Enquiries: 01305 251150

​​​​​​​​Current Projects​​

Elisabeth Frink: Dog
One of our most treasured possessions and an intrinsic presence in our hospital is going on a journey. Arts in Hospital are delighted to  announce that we are sharing this important part of our collection by loaning it to a very reputable sculpture museum in Bremen, Germany – The Gerhard Marcks Haus.

 

The Gerhard Marcks Haus is a museum for modern and contemporary sculpture, with national and international recognition. For the last 40 years they have been developing the concept of consciously combining modern and traditional art in their exhibitions, while seeking to explore the interaction between figure, form and space.

The latest of these is entitled Elisabeth Frink: Man is an Animal which looks at Frink's work in the context of a much wider sculptural tradition. Surprisingly, it is only the second solo exhibition of Frink's work in mainland Europe. The Gerhard Marcks Haus has been working on this exhibition for many years and had liaised with Frink's late son Lin Jammet, who was very keen for the exhibition to happen. Lin left a small bequest of original prints and drawings to Bremen to support the proposed exhibition and to ensure that some of his mother's work went into a major European art collection. 

Dame Elisabeth Frink (1930 - 1993) ranks among the major sculptors working in the second half of the 20th century. The Dog was donated to us by the artist herself, a former patron, nearly 30 years ago at the very beginnings of Arts in Hospital and we are proud to be able to contribute to the education of a new audience by loaning it in this way. Such collaborations help signify that Dorset and Dorchester continue to play a significant part in Frink's artistic legacy and highlight the importance of our hospital's outstanding art collection on an international level. The exhibition will tour to Museum Beelden aan Zee, The Hague, Holland and the Dog will return to us in June 2021.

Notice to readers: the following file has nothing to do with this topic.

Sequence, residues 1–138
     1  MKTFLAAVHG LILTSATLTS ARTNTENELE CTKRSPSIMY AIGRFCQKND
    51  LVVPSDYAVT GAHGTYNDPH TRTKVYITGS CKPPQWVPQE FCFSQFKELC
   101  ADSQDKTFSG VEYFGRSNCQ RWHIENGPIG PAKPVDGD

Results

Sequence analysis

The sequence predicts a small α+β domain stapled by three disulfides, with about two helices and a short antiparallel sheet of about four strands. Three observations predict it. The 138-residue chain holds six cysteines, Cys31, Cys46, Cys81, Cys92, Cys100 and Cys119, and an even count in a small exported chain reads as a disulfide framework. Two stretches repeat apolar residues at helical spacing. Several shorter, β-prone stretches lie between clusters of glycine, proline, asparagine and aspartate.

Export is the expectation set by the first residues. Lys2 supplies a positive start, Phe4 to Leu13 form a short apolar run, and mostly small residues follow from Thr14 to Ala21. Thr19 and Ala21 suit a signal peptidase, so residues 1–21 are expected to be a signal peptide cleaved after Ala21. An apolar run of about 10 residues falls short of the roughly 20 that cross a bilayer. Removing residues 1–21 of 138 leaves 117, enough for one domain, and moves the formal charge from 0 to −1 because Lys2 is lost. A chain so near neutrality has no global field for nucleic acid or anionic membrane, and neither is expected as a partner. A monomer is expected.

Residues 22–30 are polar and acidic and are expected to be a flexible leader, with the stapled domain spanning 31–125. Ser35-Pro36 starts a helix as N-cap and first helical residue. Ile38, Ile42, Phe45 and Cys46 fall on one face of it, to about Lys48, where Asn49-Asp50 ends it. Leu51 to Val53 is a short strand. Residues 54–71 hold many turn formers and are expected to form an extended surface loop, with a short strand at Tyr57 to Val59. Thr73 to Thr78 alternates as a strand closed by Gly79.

In the meantime we will have Ponyrider (Marcks 1967) to keep us company, generously lent to us for the duration of this period. Gerhard Marcks (1889 - 1981) is one of the most important German sculptors of the 20th century. The work is similar to our dog in style and size and is reminiscent of Frink's work Horse and Rider. Do lookout for its arrival in the courtyard in mid October and don't panic when you see that the Dog is missing!

If you have any question regarding the loan please contact:

Suzy Rushbrook Arts in Hospital Manager

suzy.rushbrook@dchft.nhs.co.uk

Elisabeth Frink: Man is an Animal:
Gerhard Marcks Haus, Germany 01.11.20 – 07.03.21
Museum Beelden aan Zee, Holland 21.03.21 – 06.06.21


The Art of Precious Scars ​

Donated Lulworth Oak Tree Supports Organ Donation

Over the last few months, visitors to Dorset County Hospital may have been intrigued to see a set of railway tracks arrive in the cardiology courtyard followed by an oak tree with splendid golden boughs. 

As part of a project designed to celebrate the gift of life through organ donation, a new sculpture by Dorchester based artist Andy Kirkby, is being assembled on site. A “tree of life”, the sculpture is also inspired by the Japanese art of Kintsugi where broken ceramics are lovingly restored with gold resin to highlight their wounds rather than to try to hide them. In this way they are reused and become a thing of beauty instead of being thrown away. Andy Kirkby sees this as a metaphor for the way in which organ donation is a gift of life that repairs the recipient. It is also why he is calling the sculpture “Precious Scars”. The oak tree has been donated to the hospital from the Lulworth Estate, where it died some time ago, and is now being re-born at the Hospital.​

Image: Design Proposal

The project has been the initiative of the Organ Donation team at Dorset County Hospital, led by Consultant Anaesthetist Andy Ball and Specialist Nurse Helen Rose. In planning the sculpture Andy Kirkby has spent time at the hospital speaking to the team, as well as organ recipients. The team hope that this sculpture will be seen as a way of thanking previous donors and their families for their gift, but also to encourage more people to consider signing up as donors, talking about it with their families and registering their choice at www.organdonation.nhs.uk